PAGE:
Who Decides?

You do, collectively and individually. You decide at the agency level.  You decide at the community level. You decide at your leadership level- on your team, in your neighborhood.  Every day.  With every decision. Every donation. Every allocation. Every choice.

There was a great piece on NPR this morning  In Some Rural Counties, Hunger Is Rising, But Food Donations Aren’t looking at just this issue. It’s not just SW Virginia.  There are communities across the country that are discussing systemic issues and setting goals for change in their community.  I’m proud to tell you that several of those cities are in Ohio; Cleveland, Cincinnati and Columbus have been and continue to have these conversations.

I’m hoping it’s a national trend. Even if it’s not yet a trend that has come to your community, you can still move toward social justice.

We each get to decide if we run our agencies to be the best organization alone or if we work together to eliminate the need for all of our agencies, because we addressed the systemic issue requiring our agencies.  How?

By deciding to be less territorial and more collaborative. Call your partners and other leaders in your community who work on like issues and invite them to discuss the options. Are you ready to set a Theory of Change for your community?  If so, the Annie E. Casey Foundation has a great manual on how.

Before you do, you might have to stop being afraid of scarcity and start embracing abundance.  If you’re currently looking at the world and your ability to impact change as a zero sum game –  and it’s how many of us have been trained to think –  I invite you to read Agreements, Vibrancy and Abundance.

We can change our corner of the world alone at our desks or we can do it together.  If our goal is social justice, together will get us farther, faster.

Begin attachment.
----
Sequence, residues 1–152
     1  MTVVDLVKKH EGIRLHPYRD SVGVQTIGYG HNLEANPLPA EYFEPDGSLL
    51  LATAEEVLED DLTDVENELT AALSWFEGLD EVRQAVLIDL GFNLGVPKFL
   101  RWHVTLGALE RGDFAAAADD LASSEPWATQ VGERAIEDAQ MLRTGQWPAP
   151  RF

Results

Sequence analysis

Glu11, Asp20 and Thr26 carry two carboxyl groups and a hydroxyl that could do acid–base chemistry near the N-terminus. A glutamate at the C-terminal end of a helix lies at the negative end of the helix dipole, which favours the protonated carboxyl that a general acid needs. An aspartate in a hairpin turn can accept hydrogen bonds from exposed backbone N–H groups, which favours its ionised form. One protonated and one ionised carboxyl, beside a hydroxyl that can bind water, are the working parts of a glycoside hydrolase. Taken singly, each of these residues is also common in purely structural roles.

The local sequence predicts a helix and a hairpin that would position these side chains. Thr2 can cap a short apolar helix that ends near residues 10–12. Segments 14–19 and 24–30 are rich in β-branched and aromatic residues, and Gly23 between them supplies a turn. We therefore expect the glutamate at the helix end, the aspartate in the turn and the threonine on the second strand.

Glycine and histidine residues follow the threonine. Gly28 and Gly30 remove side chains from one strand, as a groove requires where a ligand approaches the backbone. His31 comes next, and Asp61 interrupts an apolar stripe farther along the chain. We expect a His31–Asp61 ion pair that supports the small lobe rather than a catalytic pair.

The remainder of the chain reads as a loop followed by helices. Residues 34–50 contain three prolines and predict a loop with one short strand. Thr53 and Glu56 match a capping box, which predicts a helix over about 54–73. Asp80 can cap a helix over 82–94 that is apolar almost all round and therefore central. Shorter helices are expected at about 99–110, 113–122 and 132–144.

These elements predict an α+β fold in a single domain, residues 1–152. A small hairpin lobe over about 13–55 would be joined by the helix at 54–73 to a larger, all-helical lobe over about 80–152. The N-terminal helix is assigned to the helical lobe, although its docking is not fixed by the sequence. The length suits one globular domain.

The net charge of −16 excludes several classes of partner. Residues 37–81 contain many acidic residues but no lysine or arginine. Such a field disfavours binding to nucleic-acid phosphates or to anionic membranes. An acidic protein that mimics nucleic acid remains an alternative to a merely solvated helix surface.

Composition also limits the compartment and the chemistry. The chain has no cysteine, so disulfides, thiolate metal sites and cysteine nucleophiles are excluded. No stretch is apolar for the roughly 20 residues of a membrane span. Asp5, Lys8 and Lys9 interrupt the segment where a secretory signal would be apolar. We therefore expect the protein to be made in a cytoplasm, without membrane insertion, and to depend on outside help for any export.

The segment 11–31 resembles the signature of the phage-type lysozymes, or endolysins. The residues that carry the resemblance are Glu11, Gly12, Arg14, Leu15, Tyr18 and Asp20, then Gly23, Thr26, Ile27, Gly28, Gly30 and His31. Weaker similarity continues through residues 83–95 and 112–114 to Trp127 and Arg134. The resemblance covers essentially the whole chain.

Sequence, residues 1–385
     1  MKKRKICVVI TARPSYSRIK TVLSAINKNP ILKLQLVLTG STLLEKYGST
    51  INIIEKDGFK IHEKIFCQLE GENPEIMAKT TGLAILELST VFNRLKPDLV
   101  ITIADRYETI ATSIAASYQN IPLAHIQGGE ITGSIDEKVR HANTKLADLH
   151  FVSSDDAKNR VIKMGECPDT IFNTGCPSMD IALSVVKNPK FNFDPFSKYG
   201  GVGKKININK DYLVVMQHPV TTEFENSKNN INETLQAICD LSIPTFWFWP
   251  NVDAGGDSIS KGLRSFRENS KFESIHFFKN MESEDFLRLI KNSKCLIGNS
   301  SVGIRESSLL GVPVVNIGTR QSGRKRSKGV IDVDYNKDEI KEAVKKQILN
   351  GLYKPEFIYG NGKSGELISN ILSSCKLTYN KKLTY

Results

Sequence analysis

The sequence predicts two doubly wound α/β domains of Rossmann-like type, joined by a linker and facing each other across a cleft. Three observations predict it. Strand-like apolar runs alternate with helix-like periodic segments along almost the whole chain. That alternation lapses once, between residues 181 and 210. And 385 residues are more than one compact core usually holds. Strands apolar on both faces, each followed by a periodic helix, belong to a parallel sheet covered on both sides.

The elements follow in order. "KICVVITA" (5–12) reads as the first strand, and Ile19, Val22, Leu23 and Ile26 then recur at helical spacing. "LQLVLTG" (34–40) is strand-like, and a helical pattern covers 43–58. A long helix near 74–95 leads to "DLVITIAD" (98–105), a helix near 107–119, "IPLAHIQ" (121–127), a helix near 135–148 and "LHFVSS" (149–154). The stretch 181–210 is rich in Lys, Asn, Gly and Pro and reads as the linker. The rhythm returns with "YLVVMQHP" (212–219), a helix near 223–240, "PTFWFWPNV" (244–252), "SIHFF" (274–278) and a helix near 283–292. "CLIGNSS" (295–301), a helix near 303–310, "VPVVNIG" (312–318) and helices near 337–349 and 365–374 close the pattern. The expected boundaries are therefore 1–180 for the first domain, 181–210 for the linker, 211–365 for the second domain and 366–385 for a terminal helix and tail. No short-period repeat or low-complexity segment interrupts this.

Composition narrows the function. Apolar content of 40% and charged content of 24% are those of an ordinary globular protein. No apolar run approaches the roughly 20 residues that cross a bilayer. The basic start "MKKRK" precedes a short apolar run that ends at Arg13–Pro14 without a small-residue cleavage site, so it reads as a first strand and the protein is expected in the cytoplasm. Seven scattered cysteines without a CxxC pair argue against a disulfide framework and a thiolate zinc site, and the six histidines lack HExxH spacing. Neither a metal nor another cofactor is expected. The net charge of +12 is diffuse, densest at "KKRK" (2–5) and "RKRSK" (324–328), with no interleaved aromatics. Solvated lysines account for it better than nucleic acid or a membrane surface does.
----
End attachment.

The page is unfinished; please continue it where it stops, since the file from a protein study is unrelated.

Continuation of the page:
What’s your experience standing in the breech between social justice and charity.  Where did you elect to stand? As always, I welcome your insight, feedback and experience. Please offer your ideas or suggestions for blog topics and consider hitting the follow button to enter your email. A rising tide raises all boats.

3 (not so easy) Steps to Improved Board Engagement

In Leadership, Non Profit Boards, Strategic Plans on September 11, 2015 at 12:16 pm

The one thing nonprofit leaders have asked me the most about this year is board engagement. (Last year it was fund raising. Go figure.) It’s not enough to build a good board. We also have to engage that board. Great is not a mountain that once you scale it, you’re done. Nothing stays great without commitment. As we all know, there’s always another mountain.

A few years ago I wrote a piece on engaging the board. The information contained within is still true, and today I want to take a deeper dive.

When Boards set expectations, recruit for fit, experience and skill set, provide training to members about their role and then couple that with good board process, a robust committee structure with work assigned as per the agency’s needs and plan to move forward, board members are much more engaged. In the absence of that, the work isn’t aligned so board members sometimes don’t think we need them, know what to do, or understand their role. Here’s a post to illustrate one board member’s experience.